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4 THE MIRROR NS MAYPORT, Thursday, April 3, 2014 POWER TO PREVAILUSS Robert G. Bradley Is DecommissionedBy Ensign Christopher M. CateUSS Robert G. Bradley Public AffairsNearly 30 years after she was commissioned in 1984, Cmdr. Pete Ehlers, Commanding Officer of USS Robert G. Bradley (FFG 49), decommis sioned the ship March 28, at a Naval Station Mayport ceremony. Lt. Gen. Joseph L. Votel, commander, Joint Special Operations Command, was the guest speaker; Commodore, Destroyer Squadron 14, Capt. Ryan Tillotson, presided over the decom missioning event. Also in attendance were pre vious commanding offi cers, as well as three sur vivors of USS Princeton (CVL 23). FFG 49 was the first U.S. Navy ship to be named for a Washington D.C. native. Lt. Robert Graham Bradley served as Assistant First Lieutenant aboard Princeton, where he led a repair party in efforts to save the ship after it was attacked by a Japanese dive bomber during the battle of Leyte Gulf. Bradley and his repair team lost their lives when the flames spread to an aft torpedo maga zine and detonated four, 100-pound bombs. For his actions, Bradley was posthumously awarded the Navy Cross. For nearly 30 years this ship has carried Lt. Robert G. Bradleys name and spirit in defense of our nation, said Ehlers. It has been a privilege and an honor to be the commanding officer of the last crew of Bradleymen. I could not -Photo by Paige GnannOperations Specialist 2nd Class (SW) Justin Maynard rolls up the USS Robert G. Bradley (FFG 49) banner attached to the brow after the ship was decommissioned during a ceremony held Friday at Naval Station Mayport.-Photo by Paige GnannThe crew of USS Robert G. Bradley mans the ships rails one last time during a decommissioning ceremony held at NS Mayport on March 28.-Photo byPaige GnannThe crew of the ex-USS Robert G. Bradley stand in formation after departing the ship and securing the last watch.-Photo by Paige GnannYoeman 2nd Class Jonathan Meckstroth pulls transfer packages for the crew of USS Robert G. Bradley after the ships decommissioning ceremony.-Photo by Paige GnannRGB Plankowner Stephen Baer talks with current crewmembers, Boatswains Mate 2nd Class (SW) Marlon Narvaez and Intelligence Specialist 2nd Class (SW) Paden Fackrell after the decommission ing ceremony.-Photo by Paige GnannCMDCS(SW) Gary Jefferson presents the ships com missioning pennant to Commanding Officer, Cmdr. Pete Ehlers, during the decommissioning ceremony.-Photo by Paige GnannFormer crewmembers enjoy one last walk around RGB during the decommissioning ceremony. See RGB, Page 5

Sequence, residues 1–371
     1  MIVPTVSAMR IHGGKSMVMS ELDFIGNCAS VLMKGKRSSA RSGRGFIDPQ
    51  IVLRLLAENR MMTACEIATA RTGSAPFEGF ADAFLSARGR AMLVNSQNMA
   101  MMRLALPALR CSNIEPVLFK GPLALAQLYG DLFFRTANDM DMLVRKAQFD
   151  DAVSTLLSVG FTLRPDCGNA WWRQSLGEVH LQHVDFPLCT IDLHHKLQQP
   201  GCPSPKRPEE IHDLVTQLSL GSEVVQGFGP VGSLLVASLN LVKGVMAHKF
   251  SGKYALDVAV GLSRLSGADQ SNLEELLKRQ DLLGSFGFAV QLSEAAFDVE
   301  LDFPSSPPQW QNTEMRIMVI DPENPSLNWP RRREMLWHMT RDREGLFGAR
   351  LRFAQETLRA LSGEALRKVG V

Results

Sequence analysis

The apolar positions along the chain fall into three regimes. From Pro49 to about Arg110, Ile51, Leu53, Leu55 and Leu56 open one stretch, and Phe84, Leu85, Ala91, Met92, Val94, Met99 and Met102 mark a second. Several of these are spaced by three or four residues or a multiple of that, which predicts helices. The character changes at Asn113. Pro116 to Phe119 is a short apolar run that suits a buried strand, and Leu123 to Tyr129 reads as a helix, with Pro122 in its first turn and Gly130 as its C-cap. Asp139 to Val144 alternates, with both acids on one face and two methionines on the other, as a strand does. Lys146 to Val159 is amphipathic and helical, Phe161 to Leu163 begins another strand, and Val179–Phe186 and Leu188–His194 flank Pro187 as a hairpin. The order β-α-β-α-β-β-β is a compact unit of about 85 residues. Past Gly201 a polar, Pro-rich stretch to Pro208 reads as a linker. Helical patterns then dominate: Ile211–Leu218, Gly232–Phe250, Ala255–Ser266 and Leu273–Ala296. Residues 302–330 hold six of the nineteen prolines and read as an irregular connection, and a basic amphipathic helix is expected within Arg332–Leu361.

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THE MIRROR NS MAYPORT, Thursday, April 3, 2014 5 -Photo by MC2 Salt CebePlank owners of the guided-missile frigate USS Robert G. Bradleys (FFG 49) pose for a picture prior to the ships decommissioning ceremony aboard Naval Station Mayport. After almost 30 years of service, the ship named after Navy Cross recipient Lieutenant Robert G. Bradley (1921), was decommissioned on March 28. -Photo by MC2 Salt CebeFrank Moschella former crew member of USS Princeton (CVL 23) (Ret) salutes the flag during USS Robert G. Bradley's (FFG 49) decommissioning ceremony on Naval Station Mayport.-Photo by Paige GnannThe crew of USS Robert G. Bradley gets ready to depart the ship as the colors are hauled down for the last time during the decommissioning ceremony held pier side at Naval Station Mayport on March 28.-Photo by MC2 Salt CebeArmy Lt. Gen. Joseph L. Votel, Cmdr. Peter J. Ehlers, commanding officer of the guided-missile frigate USS Robert G. Bradley (FFG 49), and Commander, Destroyer Squadron 14, Capt. Ryan C. Tillotson, salute the flag during the ships decommissioning ceremony on Naval Station Mayport. -Photo by MC2 Salt CebeCmdr. Peter J. Ehlers, commanding officer of the guided-missile frigate USS Robert G. Bradley (FFG 49) gives his final remarks during the ships decommis sioning ceremony on Naval Station Mayport-Photo by MC2 Salt CebeThe crew of guided-missile frigate USS Robert G. Bradley (FFG 49) depart the ship for the final time during the ship's decommissioning ceremony on Naval Station Mayport.be more proud of them. After participating in UNITAS in the Western Caribbean Sea in Sept. 2012, and completing a Board of Inspection and Survey, the ship departed in late October for a seven-month deployment to the 6th Fleet area of respon sibility. Initially assigned an Africa Partnership mission, the crew quickly reconfigured the ship with four MQ-8B Fire Scouts to support Africa Command, Counter-Terrorism Intelligence, Surveillance and Reconnaissance tasking. They completed more than 900 flight hours with the MQ-8B Fire Scouts while on station and conducted the first-ever concurrent Dual-Air-Vehicle mission with another Fire Scout-equipped frigate. The end of 2013 found the crew assisting in deployment preparations and certifications for the USS West Virginia (SSBN 123), the USS George H.W. Bush Carrier Strike Group, and the USS Bataan Expeditionary Strike Group. The ship is slated for foreign military sales.From Page 4RGB